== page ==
At 10 o’clock this morning, Pope Francis received in audience an Ecumenical delegation of the Evangelical Church of Germany. Here is a translation of the Pope’s address to those taking part in the meeting.
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Dear brothers and sisters,
I am pleased to welcome you and I greet you warmly. I thank the regional Bishop Bedford-Strohm for his kind words – ein Mann mit Feuer im Herzen – and I am happy for Cardinal Marx’s presence: that the President of the German Episcopal Conference accompanies the delegation of the Evangelical Church in Germany is fruit of a long-standing collaboration and an expression of a matured ecumenical relation over the years. I hope you will go ahead on this blessed path of fraternal communion, proceeding with courage and determination towards an ever fuller unity. We have the same Baptism: we must walk together, tirelessly!
It is significant that, on the occasion of the 500th anniversary of the Reformation, Evangelical and Catholic Christians take up the occasion, of the common commemoration of historical events of the past, to put Christ again at the center of their relations. In fact, “the question of God,” on “how there can be a merciful God” was the “profound passion, the mainspring of Luther’s life and his entire journey” (cf. Benedict XVI, Meeting with the Representatives of the Evangelical Church in Germany, September 23, 2011). What animated and made the Reformers anxious was, at bottom, to point out the way to Christ. It is what must be at heart for us also today, after having undertaken again, thanks be to God, a common path. This year of commemoration offers us the opportunity to take a further step forward, looking at the past without rancor, but according to Christ and in communion with Him, to propose again to the men and women of our time the radical novelty of Jesus, God’s limitless mercy: precisely what the Reformers at their time wished to stimulate. The fact that their call to renewal sparked developments that led to divisions among Christians was certainly tragic. Believers no longer felt themselves brothers and sisters in the faith, but adversaries and competitors: for too long they have fueled hostility and were avid in fights, fomented by political and power interests, sometimes without having the least scruples in using violence against one another, brothers against brothers. Today, instead, we thank God because finally, “we have put down all that is a burden,” and “we run”, fraternally, “with perseverance on the course that is before us, keeping our gaze fixed on Jesus” (Hebrews 12:1-2).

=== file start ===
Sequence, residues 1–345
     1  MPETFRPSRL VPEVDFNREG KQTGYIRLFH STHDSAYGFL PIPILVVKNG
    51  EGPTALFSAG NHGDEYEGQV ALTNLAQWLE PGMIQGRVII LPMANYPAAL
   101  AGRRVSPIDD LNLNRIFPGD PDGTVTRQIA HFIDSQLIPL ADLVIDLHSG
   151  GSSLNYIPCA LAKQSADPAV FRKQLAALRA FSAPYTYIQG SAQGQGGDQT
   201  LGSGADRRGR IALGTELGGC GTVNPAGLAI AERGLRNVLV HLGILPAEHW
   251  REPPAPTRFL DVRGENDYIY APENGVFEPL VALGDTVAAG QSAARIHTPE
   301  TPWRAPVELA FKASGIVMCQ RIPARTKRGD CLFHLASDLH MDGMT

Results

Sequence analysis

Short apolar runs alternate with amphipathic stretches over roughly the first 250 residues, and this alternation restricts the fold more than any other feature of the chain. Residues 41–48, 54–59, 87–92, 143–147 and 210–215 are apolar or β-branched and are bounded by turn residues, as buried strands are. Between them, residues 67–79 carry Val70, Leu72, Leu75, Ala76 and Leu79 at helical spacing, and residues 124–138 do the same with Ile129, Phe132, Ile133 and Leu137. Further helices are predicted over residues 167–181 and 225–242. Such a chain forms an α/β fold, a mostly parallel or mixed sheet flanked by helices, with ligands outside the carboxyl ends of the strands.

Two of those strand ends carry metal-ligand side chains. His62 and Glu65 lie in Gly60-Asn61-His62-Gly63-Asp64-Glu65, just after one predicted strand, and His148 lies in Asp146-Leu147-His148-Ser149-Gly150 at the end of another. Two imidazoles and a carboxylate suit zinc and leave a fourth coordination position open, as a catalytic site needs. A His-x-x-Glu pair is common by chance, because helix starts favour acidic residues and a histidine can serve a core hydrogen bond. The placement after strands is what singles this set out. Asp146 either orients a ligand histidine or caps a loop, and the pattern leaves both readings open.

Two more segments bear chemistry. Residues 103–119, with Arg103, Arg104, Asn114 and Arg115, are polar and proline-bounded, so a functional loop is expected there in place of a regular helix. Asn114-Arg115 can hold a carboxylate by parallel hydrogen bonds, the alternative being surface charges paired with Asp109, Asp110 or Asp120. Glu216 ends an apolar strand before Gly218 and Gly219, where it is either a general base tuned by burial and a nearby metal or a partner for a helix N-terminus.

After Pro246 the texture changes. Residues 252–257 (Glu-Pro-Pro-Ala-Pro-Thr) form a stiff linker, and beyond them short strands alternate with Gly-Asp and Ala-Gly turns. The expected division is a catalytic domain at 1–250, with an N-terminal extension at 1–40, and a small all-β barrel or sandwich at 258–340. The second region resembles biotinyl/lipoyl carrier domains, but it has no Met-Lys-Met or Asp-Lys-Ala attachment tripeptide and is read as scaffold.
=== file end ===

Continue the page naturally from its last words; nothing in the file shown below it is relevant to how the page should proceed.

I am grateful to you because, with this gaze you have the intention of approaching together, with humility and frankness, a past that grieves us, and of sharing soon an important gesture of penance and reconciliation: an ecumenical function entitled “To Heal the Memory — To Witness Jesus Christ.” Catholics and Evangelicals in Germany, can thus respond in prayer to the strong call that you perceive together in the country of origin of the Reformation: to purify the memory in God to be renewed interiorly and sent by the Spirit to take Jesus to the men of today. With this sign and with other ecumenical initiatives planned this year – such as the joint pilgrimage to the Holy Land, the joint Biblical congress to present together the new translations of the Bible and the Ecumenical Day dedicated to the social responsibility of Christians – you have in mind to give a concrete configuration to the “Feast of Christ” that, on the occasion of the commemoration of the Reformation, you intend to celebrate together. May the rediscovery of the common source of faith, the healing of the memory in prayer and in charity, and concrete collaboration in spreading the Gospel and serving brothers be impulses to proceed still more speedily on the way.
It is the reality of the one Baptism that makes us brothers and sisters and in the common listening to the Spirit, we are able to appreciate, in a now reconciled diversity, the spiritual and theological gifts that we received from the Reformation. Last October 31 at Lund, I thanked the Lord for this and asked forgiveness for the past; for the future, I wish to confirm our call to witness the Gospel together and to continue on the path to full unity. Doing so together, the desire is also born to advance of new ways. Increasingly we learn to ask ourselves: can we share this initiative with our brothers and sisters in Christ? Can we undertake together another stretch of the way?
The differences in questions of faith and morality that still exist, remain challenges on the path towards visible unity, for which our faithful long. Spouses that belong to different confessions feel the pain especially. We must commit ourselves wisely, with insistent prayer and all our strength, to overcome the still existing obstacles, intensifying the theological dialogue and reinforcing collaboration between us, especially in the service of those that suffer greatly and in the protection of the threatened creation. Jesus’ urgent call to unity (cf. John 17:21) comes to us, as well as the entire human family, in a period in which grave lacerations and new forms of exclusion and marginalization are being experienced. Because of this too, our responsibility is great. Great!
In the hope that this meeting will ultimately enhance communion between us, I ask the Holy Spirit, architect and renewer of unity, to fortify us on our common way with the consolation that comes from God (cf. 2 Corinthians 1:4) and to indicate to us His prophetic and audacious ways. I invoke from my heart upon all of you and your communities God’s blessing and I ask you, please, to remember me in prayer. I thank you so much and would like to invite you now to pray the Our Father together.[Original text: Italian]